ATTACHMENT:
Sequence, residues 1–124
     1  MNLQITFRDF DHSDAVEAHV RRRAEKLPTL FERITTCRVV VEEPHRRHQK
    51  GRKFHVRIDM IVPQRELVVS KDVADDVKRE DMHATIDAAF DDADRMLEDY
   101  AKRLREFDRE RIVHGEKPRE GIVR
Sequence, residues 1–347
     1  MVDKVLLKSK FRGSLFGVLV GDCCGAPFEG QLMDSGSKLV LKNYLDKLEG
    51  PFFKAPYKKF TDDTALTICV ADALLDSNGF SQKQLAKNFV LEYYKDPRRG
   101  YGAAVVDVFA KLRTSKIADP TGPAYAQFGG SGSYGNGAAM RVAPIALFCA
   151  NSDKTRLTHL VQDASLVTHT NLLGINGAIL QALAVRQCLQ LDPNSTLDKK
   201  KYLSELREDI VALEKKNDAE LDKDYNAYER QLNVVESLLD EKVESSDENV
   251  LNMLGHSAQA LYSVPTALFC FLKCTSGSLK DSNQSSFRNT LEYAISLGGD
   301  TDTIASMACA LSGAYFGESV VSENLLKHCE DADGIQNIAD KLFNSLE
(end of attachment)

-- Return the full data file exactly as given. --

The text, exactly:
Sequence, residues 1–124
     1  MNLQITFRDF DHSDAVEAHV RRRAEKLPTL FERITTCRVV VEEPHRRHQK
    51  GRKFHVRIDM IVPQRELVVS KDVADDVKRE DMHATIDAAF DDADRMLEDY
   101  AKRLREFDRE RIVHGEKPRE GIVR
Sequence, residues 1–347
     1  MVDKVLLKSK FRGSLFGVLV GDCCGAPFEG QLMDSGSKLV LKNYLDKLEG
    51  PFFKAPYKKF TDDTALTICV ADALLDSNGF SQKQLAKNFV LEYYKDPRRG
   101  YGAAVVDVFA KLRTSKIADP TGPAYAQFGG SGSYGNGAAM RVAPIALFCA
   151  NSDKTRLTHL VQDASLVTHT NLLGINGAIL QALAVRQCLQ LDPNSTLDKK
   201  KYLSELREDI VALEKKNDAE LDKDYNAYER QLNVVESLLD EKVESSDENV
   251  LNMLGHSAQA LYSVPTALFC FLKCTSGSLK DSNQSSFRNT LEYAISLGGD
   301  TDTIASMACA LSGAYFGESV VSENLLKHCE DADGIQNIAD KLFNSLE